5. If it seems faster, it is faster

The only thing that ultimately matters is how fast users perceive the application to be. If a certain change makes an application feel faster, then for all intents and purposes, it is faster.

I once heard a story about a condo where the residents complained about the elevators being slow. Management’s reaction was not to immediately try to speed up the elevators somehow, which would presumably have been difficult and expensive. Instead, management installed mirrors on the walls next to the elevators. The complaints went away.

So, sometimes the right initial response to a performance problem is not necessarily to embark upon a big, expensive optimization project. Sometimes a change can be introduced that’s less invasive but still effective. For example, let’s say I have a calendar page with back/forward buttons to go from month to month, and let’s say each month takes 800ms to load. If I click the button and nothing at all happens for 800ms, it might feel a little slow. But if I change it so that immediately upon clicking the button I see an animated loading indicator, the page will feel faster. It sounds dumb but it’s absolutely true. Sometimes those little changes that improve the responsiveness of a page will increase its perceived performance, without needing to touch the actual performance at all.

6. Bonus tip: it’s almost never Ruby

Despite what you might read online about Ruby being “slow”, I’ve never ever encountered a performance problem where the culprit was the Ruby language itself. Whether an application is written in Ruby, Go, Python or whatever else, the performance bottleneck is almost always the database.

If all you know about performance is the five tips above, you’ll probably be able to tackle 80% of the performance challenges you encounter.

How to perform hotfixes without side effects or extra stress

A reader of mine recently wrote to me with a question which I’ll paraphrase.

The “tagalong” problem

Let’s say I have a production server. Let’s also say that in addition to that, I have a staging server where I push most changes before production so the changes can be reviewed. This works out fine most of the time.

But let’s say occasionally there’s a critical bug in production that needs to be fixed ASAP. I need to make my fix and push straight to production without the delay of going to staging first. Unfortunately when I do this I also push the last however many commits to production as well.

In other words, as a side effect of my bugfix, I end up pushing work to production that potentially wasn’t ready for production yet.

The fix

The solution is to always keep the master branch in a deployable state. I’ll mention a few tactics that can make this easier.

The first tactic is frequent deployments. I try to do all my work in the form of atomic commits which could each conceivably be deployed to production. And in fact, I tend to perform a deployment almost every time I commit to master or merge something into master.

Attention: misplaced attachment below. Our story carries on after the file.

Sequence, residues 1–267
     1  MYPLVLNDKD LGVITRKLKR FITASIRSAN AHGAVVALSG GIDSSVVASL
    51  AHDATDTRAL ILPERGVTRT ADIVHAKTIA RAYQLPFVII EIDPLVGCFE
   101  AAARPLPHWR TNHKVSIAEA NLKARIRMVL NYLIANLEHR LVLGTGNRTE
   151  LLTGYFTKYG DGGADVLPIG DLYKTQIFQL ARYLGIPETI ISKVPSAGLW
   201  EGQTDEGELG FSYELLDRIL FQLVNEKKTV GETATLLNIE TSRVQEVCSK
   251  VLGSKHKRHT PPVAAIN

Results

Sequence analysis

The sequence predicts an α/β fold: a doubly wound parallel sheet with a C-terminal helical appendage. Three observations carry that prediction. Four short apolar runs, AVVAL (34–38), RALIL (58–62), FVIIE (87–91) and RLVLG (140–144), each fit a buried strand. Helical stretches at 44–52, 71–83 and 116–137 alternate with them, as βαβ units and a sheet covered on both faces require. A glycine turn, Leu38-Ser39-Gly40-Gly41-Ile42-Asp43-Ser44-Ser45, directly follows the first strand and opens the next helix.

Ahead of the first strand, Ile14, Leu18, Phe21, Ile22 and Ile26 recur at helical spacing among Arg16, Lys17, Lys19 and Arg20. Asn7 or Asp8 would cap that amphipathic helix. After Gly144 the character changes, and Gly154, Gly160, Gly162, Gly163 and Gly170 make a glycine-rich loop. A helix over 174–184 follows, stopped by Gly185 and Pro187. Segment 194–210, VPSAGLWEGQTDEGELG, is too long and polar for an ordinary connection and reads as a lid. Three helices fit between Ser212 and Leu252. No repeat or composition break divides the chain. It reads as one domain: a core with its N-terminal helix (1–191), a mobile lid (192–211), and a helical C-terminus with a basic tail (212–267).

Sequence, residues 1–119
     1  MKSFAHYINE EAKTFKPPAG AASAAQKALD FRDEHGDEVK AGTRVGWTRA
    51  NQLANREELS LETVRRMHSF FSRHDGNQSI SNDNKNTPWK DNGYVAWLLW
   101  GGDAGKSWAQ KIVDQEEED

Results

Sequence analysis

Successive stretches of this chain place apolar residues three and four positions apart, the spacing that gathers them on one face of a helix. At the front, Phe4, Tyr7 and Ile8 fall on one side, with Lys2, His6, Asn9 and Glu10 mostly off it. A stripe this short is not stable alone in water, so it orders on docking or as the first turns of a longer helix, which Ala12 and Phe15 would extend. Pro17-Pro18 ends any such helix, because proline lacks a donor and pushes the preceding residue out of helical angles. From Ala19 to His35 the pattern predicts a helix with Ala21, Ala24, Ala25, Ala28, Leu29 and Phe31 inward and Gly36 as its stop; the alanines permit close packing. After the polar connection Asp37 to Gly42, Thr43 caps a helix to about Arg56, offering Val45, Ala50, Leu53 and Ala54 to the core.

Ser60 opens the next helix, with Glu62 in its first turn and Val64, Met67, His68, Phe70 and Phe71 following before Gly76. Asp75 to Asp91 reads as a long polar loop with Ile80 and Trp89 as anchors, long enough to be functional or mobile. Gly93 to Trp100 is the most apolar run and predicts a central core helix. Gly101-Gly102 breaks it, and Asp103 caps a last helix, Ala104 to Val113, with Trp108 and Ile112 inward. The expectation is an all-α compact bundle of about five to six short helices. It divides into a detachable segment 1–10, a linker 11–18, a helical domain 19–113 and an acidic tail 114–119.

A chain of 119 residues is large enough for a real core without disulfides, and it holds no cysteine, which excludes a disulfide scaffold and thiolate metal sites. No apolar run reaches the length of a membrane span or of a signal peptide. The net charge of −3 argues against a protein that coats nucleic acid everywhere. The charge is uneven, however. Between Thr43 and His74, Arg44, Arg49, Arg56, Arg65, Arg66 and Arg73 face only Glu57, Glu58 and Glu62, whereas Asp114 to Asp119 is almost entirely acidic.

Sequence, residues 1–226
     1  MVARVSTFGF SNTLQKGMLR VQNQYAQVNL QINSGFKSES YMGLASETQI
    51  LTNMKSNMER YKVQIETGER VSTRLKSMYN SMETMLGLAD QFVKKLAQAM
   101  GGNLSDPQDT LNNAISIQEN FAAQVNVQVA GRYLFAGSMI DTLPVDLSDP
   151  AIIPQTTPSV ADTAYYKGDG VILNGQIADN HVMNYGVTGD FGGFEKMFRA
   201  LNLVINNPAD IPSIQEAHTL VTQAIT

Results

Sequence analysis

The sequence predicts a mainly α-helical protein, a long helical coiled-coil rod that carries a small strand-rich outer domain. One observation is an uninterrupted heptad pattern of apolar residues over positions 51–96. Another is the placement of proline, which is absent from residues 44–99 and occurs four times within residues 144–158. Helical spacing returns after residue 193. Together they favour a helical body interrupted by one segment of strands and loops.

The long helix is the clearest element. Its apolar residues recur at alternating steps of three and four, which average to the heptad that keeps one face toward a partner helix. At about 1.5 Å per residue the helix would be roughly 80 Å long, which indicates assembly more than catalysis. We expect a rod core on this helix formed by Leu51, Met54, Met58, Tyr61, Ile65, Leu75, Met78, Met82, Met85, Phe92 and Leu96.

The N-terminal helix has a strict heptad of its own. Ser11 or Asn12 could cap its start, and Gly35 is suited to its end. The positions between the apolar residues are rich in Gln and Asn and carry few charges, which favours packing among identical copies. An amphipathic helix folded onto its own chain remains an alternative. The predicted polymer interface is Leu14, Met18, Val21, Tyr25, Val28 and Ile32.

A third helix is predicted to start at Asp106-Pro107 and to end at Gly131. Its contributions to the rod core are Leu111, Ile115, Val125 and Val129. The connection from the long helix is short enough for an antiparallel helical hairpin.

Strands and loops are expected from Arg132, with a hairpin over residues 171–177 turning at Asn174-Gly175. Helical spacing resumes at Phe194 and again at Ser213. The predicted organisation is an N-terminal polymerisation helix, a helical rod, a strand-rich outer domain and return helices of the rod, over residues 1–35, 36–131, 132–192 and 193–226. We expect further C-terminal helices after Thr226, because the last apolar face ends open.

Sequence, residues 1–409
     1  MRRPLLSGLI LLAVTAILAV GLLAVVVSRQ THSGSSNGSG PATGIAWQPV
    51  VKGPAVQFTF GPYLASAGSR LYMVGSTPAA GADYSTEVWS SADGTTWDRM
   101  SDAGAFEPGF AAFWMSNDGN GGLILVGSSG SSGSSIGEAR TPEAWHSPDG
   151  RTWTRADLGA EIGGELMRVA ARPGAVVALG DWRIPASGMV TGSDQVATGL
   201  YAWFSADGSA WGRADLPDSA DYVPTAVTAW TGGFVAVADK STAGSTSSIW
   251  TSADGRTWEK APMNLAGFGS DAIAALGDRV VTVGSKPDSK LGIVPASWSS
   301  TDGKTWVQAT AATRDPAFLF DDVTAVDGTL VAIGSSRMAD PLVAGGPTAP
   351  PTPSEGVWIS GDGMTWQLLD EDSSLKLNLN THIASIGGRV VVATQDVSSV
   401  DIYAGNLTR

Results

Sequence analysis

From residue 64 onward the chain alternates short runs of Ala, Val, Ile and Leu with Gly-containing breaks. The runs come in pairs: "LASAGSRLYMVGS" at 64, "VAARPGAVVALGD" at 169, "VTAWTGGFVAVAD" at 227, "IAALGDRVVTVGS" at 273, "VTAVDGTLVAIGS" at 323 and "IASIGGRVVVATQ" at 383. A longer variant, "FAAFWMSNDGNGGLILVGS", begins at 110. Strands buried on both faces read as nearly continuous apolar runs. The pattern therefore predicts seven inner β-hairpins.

The second tactic is feature branches. Feature branches help keep partway-done work out of master, helping ensure that a deployment of what’s on master never means deploying incomplete work. In my experience it’s good for a feature branch to have a lifespan of a few hours or a few days. Anything much longer than that gets dangerous because it leaves too much room for the feature branch to diverge from master.

But what if you need to work on a feature that spans, say, 4 weeks, and can’t be released until it’s fully complete? This is where my third tactic comes in, dark launching. Dark launching is where you separate the concept of deployment from the concept of release. Just because the code for a feature gets deployed to production doesn’t mean that that feature necessarily needs to be surfaced to users. The UI of that feature can be hidden using a feature flag, which can be as simple as something that says if false until you’re ready to unveil that feature and remove the code that hides it.

Recommended reading

The things I’ve shared above are basically DevOps principles. To learn more you can check out the books The DevOps Handbook and Continuous Delivery.

Writing software isn’t like building a house, it’s like writing a novel

It’s common to analogize writing software with building a house.

I think it’s a lot more like writing a novel.

With a house, you can add an addition and not necessarily have to change much. But with a novel, everything in it has to reconcile.

The father becomes a mother

Imagine a novel about father who has a troubled relationship with his son because the father spends too much time at the bar, getting in fights and getting fired from a string of jobs due to his irresponsibility. In the end the father dies in a drunken car crash and, fast forward, the son grows up to be just like his father. (Sorry, didn’t mean to make it so dark!)

But then imagine “the requirements change” somehow and the father character needs to be a mother instead.

We can’t just search-and-replace “dad” with “mom”. All sorts of other things need to change as well if the whole thing is going to square up.

If the tragedy of the story is that the son turns out to be just like his father, then maybe a mother-son thing doesn’t really make much sense anymore. Maybe the son has to be a daughter instead. A mother can just as plausibly be an alcoholic as a father of course, but the part about the constant fist fights makes a little less sense now. That part will probably either have to be eliminated or changed to something else.

Every codebase is a novel

Software is of course the same way. Some changes are isolated sometimes, but quite a lot of changes have ripple effects throughout the whole system. And the bigger a codebase gets, the more challenging and time-consuming it is to keep everything self-consistent.

This is why the construction analogy doesn’t really fit all that well. I think the novel analogy is better.

How to set up an RDS database for Rails on EC2